On-line version ISSN 2078-6751
Print version ISSN 1608-9693
South. Afr. j. HIV med. (Online) vol.16 n.1 Johannesburg 2015
Division of Neonatal Medicine, Department of Paediatrics, University of Cape Town, South Africa
Prevention of mother-to-child transmission (PMTCT) programmes have improved maternal health outcomes and reduced the incidence of paediatric HIV, resulting in improved child health and survival. Nevertheless, high-risk vertical exposures remain common and are responsible for a high proportion of transmissions. In the absence of antiretrovirals (ARVs), an 8- to 12-hour labour has approximately the same 15% risk of transmission as 18 months of mixed feeding. The intensity of transmission risk is highest during labour and delivery; however, the brevity of this intra-partum period lends itself to post-exposure interventions to reduce such risk. There is good evidence that infant post-exposure prophylaxis (PEP) reduces intra-partum transmission even in the absence of maternal prophylaxis. Recent reports suggest that infant combination ARV prophylaxis (cARP) is more efficient at reducing intra-partum transmission than a single agent in situations of minimal pre-labour prophylaxis. Guidelines from the developed world have incorporated infant cARP for increased-risk scenarios. In contrast, recent guidelines for low-resource settings have rightfully focused on reducing postnatal transmission to preserve the benefits of breastfeeding, but have largely ignored the potential of augmented infant PEP for reducing intra-partum transmissions. Minimal pre-labour prophylaxis, poor adherence in the month prior to delivery, elevated maternal viral load at delivery, spontaneous preterm labour with prolonged rupture of membranes and chorioamnionitis are simple clinical criteria that identify increased intra-partum transmission risk. In these increased-risk scenarios, transmission frequency may be halved by combining nevirapine and zidovudine as a form of boosted infant PEP. This strategy may be important to reduce intra-partum transmissions when PMTCT is suboptimal.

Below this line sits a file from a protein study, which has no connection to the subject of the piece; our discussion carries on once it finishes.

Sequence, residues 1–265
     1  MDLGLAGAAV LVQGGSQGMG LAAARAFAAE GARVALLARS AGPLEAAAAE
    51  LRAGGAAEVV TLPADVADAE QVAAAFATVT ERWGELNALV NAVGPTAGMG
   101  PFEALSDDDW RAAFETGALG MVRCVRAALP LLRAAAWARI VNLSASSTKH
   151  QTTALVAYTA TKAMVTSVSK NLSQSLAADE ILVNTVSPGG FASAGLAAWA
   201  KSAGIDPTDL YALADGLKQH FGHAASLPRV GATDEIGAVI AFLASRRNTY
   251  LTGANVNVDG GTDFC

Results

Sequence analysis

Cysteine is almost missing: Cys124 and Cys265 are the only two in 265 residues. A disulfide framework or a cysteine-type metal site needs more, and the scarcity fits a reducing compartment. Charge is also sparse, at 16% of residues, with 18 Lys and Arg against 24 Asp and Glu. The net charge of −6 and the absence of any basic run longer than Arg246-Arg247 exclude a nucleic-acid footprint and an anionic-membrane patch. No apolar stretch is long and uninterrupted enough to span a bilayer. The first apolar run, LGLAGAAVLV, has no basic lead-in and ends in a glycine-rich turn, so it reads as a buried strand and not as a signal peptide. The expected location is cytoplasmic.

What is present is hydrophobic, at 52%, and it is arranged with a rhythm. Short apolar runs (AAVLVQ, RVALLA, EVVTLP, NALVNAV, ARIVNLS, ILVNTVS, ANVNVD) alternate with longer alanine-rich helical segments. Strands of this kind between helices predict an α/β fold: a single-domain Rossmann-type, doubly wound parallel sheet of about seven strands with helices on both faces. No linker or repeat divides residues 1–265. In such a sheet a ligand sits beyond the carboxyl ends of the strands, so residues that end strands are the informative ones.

In South Africa, prevention of mother-to-child transmission (PMTCT) programmes have been very successful in reducing the vertical transmission of HIV, with resultant gains in maternal, infant and child health and survival.1,2
Complete elimination of mother-to-child transmission (MTCT) remains elusive, primarily because of incomplete programme uptake - owing to suboptimal patient care-seeking behaviour and inadequate health care access - but also because no current antiretroviral therapy (ART) regimen, even when started early in pregnancy, is 100% effective in preventing transmission. Maternal treatment failure resulting from inadequate adherence or drug resistance may also compromise PMTCT programme efficacy. In high-prevalence populations and serodiscordant partners, primary HIV infection in pregnancy (and breastfeeding), after initial negative HIV screening, may contribute disproportionately to transmission.3 Delayed ART initiation and apparent incident infection may also be a consequence of false-negative initial testing, owing to procedural and quality issues with rapid antibody screening tests. Finally, resistance to non-nucleoside reverse transcriptase inhibitors (NNRTIs) may compromise the efficacy of infant postexposure nevirapine (NVP) 'mono-prophylaxis'.
Although further gains are possible by improving programme coverage and uptake (and this should be encouraged), high-risk vertical exposures at birth remain common and are responsible for a high proportion of transmissions. Recognition of increased-risk scenarios, enhanced labour management (including intra-partum antiretrovirals [ARVs] and caesarean section before labour), infant post-exposure combination ARV prophylaxis (cARP) and a more aggressive testing schedule may all reduce transmission risk and improve the linkage of HIV-infected infants to definitive management. Whilst it is also important for increased risk to be recognised and managed in pregnancy and labour, it is beyond the scope of this article to review obstetric management.